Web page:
Food safety or food security? While the former may be foremost in the mind of Chinese consumers, it is food security that is truly their biggest challenge. The increasing demand for food is constant, driven by a growing population and rising incomes. In fact, only 50% of the growing food demand worldwide will be due to population growth, with the rest due to improved diet and income.

Securing enough food to meet this growing demand is no small feat. China wants to grow its agricultural production towards self-sufficiency, rather than being dependent on other countries. However there are some clear obstacles to get over first, some of which we can relate to in Ireland. Land availability for example. Chinese farmers don't "own" the land they farm - it belongs to "the people" or the chinese nation. Instead, farmers have the right to farm the land for their lifetime. Average farm size is 1Mu, which equates to two-thirds of a hectare, with minimal mechanisation and a high dependency on manual labour. As a farmer, the only way to increase your land base is to "sub-let" land from another farmer. This is one of the few opportunities right now, for land consolidation that will enable modernisation and the adoption of technology, to improve efficiencies. One such example that we visited was the business of Peter Yeung. A Hong Kong native, Peter is currently producing vegetables for the Hong Kong market from two farms in the Chinese mainland, which produce counter-seasonally. In order to secure the right to farm these blocks of land, Peter has had to individually negotiate and draw up contracts with about 10,000 farmers!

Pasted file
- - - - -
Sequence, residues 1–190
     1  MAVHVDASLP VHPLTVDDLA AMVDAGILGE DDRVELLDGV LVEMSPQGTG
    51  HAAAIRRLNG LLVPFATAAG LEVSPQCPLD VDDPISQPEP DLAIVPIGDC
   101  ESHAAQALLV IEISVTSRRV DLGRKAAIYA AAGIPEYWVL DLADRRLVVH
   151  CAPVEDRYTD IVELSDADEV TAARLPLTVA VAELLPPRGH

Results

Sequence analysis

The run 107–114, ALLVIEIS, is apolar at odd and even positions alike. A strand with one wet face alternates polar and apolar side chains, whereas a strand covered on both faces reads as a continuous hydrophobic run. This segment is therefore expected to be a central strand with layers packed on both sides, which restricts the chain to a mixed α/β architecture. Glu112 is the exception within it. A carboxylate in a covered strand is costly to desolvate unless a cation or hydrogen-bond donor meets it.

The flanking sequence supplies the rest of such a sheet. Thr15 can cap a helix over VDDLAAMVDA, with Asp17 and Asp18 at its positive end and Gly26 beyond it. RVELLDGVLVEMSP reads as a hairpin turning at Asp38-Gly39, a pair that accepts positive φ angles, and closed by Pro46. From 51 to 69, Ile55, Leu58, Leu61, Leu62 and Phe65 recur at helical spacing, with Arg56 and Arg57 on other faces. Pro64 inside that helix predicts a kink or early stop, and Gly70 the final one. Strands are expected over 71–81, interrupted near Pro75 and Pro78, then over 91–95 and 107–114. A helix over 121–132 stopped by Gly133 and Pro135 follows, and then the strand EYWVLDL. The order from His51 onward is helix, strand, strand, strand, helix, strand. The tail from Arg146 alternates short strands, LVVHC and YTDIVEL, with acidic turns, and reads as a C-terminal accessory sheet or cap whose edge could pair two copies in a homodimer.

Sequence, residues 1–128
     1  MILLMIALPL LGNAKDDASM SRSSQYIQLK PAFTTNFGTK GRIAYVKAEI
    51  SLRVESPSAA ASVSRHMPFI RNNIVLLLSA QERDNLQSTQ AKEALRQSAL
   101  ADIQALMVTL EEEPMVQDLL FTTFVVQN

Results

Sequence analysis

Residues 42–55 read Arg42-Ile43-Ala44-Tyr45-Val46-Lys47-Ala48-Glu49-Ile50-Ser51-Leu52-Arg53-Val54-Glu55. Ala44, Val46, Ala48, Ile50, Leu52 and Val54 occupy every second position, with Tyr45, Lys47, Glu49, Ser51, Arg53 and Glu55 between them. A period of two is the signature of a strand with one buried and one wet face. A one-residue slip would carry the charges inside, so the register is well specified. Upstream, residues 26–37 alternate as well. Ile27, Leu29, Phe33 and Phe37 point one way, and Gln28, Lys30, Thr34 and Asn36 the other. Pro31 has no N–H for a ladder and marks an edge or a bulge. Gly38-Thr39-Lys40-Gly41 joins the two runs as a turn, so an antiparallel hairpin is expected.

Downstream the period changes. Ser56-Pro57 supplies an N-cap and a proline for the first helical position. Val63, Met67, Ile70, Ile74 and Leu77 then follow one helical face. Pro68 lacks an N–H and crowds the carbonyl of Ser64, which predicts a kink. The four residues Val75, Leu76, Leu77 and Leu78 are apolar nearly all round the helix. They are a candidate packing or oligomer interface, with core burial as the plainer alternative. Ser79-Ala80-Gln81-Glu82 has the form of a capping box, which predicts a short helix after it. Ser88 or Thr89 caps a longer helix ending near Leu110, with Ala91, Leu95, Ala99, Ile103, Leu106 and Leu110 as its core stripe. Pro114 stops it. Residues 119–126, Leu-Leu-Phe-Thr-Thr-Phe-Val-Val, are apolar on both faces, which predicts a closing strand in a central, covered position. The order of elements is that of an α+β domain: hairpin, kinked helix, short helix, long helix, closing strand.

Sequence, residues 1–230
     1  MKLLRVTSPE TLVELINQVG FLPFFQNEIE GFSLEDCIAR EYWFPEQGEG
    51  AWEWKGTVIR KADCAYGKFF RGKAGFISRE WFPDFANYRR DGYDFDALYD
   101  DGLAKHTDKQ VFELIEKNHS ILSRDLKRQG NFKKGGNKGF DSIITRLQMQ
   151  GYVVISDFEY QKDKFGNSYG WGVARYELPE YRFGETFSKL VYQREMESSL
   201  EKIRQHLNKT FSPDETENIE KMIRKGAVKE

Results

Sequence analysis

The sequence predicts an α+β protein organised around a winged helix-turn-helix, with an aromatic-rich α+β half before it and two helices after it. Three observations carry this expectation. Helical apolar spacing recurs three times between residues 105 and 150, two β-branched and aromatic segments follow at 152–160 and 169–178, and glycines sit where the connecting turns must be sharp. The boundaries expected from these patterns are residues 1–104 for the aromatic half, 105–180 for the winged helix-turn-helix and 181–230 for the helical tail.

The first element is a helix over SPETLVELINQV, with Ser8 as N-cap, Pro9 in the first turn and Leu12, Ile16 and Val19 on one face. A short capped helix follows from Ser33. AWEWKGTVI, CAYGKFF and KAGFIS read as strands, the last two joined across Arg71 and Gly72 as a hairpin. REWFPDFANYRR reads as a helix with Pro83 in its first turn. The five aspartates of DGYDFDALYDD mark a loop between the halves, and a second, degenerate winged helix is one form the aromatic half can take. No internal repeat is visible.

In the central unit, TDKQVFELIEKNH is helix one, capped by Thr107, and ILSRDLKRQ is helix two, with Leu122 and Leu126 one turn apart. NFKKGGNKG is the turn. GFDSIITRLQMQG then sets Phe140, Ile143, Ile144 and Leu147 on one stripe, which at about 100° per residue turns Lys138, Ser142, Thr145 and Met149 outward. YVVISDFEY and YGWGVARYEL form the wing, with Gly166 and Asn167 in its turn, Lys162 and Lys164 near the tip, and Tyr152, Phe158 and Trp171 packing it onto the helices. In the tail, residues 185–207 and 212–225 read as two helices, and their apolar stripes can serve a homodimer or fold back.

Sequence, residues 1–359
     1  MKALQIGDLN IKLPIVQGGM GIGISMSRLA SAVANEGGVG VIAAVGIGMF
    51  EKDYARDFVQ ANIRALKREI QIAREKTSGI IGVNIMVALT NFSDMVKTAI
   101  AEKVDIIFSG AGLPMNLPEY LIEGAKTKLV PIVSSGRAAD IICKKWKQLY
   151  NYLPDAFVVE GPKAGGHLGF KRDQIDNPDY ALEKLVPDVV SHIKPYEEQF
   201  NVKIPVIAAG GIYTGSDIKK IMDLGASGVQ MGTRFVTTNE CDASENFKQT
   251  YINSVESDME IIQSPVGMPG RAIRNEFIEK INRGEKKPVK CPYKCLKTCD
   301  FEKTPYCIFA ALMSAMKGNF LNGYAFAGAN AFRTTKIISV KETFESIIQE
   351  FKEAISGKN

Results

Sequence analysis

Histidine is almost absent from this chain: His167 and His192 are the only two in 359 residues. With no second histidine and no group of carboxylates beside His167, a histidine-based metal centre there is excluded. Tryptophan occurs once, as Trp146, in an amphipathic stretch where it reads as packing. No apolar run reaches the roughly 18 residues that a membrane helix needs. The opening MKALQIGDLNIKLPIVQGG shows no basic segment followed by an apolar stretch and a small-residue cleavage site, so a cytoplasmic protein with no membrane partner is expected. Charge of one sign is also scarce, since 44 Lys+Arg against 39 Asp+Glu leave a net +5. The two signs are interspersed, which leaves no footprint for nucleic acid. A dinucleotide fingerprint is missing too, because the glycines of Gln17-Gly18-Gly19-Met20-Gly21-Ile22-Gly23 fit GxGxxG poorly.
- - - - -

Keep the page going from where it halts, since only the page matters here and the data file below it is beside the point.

The government has produced a strategy document, which includes a specific focus on agriculture, particularly land reform. This is an effort to look at changing the land management rights to enable more land leasing - create larger production units, modernise production and increase output.

Even on these larger production units, there is currently a heavy reliance on manual labour. While labour may be freely available and reasonably affordable at the moment, it is expected that by 2050 only 30% of the population will be of working age. Another challenge is perception of farming. Unlike Ireland and many other countries, farmers in China are considered lower class citizens. It is not a way of life that parents want for their child. This is despite the fact that Chinese farmers are feeding 21% of the world's population (from 10% of the arable land).

Urbanisation is rapid in China, with the government actively moving people into the cities. Almost every town and city that we drove through had clusters of developments - each one with 15-20, 20-storey apartment blocks under construction. It's estimated that by 2030, 200 million people (=10 x Australian population) will have left their farms in the country for a "better" life in the city. Without farmers, who will feed their people?